Motivation: Probabilistic graphical models have been developed in the past for the task of protein classification. In many cases, classifications obtained from the Gene Ontology have been used to validate these models. In this work we directly incorporate the structure of the Gene Ontology into the graphical representation for protein classification. We present a method in which each protein is represented by a replicate of the Gene Ontology structure, effectively modeling each protein in its own 'annotation space'. Proteins are also connected to one another according to different measures of functional similarity, after which belief propagation is run to make predictions at all ontology terms. Results: The proposed method was evaluated on a set of 4879 proteins from the Saccharomyces Genome Database whose interactions were also recorded in the GRID project. Results indicate that direct utilization of the Gene Ontology improves predictive ability, outperforming traditional models that do not take advantage of dependencies among functional terms. Average increase in accuracy (precision) of positive and negative term predictions of 27.8% (2.0%) over three different similarity measures and three subontologies was observed. Availability: C/C++/Perl implementation is available from authors upon request.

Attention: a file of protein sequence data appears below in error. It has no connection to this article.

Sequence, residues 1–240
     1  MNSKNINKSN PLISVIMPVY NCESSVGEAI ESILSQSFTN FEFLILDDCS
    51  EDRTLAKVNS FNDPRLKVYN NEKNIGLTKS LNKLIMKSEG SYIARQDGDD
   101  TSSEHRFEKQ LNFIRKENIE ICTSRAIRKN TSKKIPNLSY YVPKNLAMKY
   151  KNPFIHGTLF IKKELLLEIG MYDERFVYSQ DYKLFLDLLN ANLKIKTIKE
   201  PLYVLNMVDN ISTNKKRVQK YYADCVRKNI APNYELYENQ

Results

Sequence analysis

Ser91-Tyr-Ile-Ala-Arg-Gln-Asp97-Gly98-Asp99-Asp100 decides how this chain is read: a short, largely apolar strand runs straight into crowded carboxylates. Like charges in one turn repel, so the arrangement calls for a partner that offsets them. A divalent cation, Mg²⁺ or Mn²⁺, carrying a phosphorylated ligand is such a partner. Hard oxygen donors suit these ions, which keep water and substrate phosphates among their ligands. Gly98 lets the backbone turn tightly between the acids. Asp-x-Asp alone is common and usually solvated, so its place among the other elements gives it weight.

All Science Journal Classification (ASJC) codes
- Statistics and Probability
- Molecular Biology
- Computer Science Applications
- Computational Theory and Mathematics
- Computational Mathematics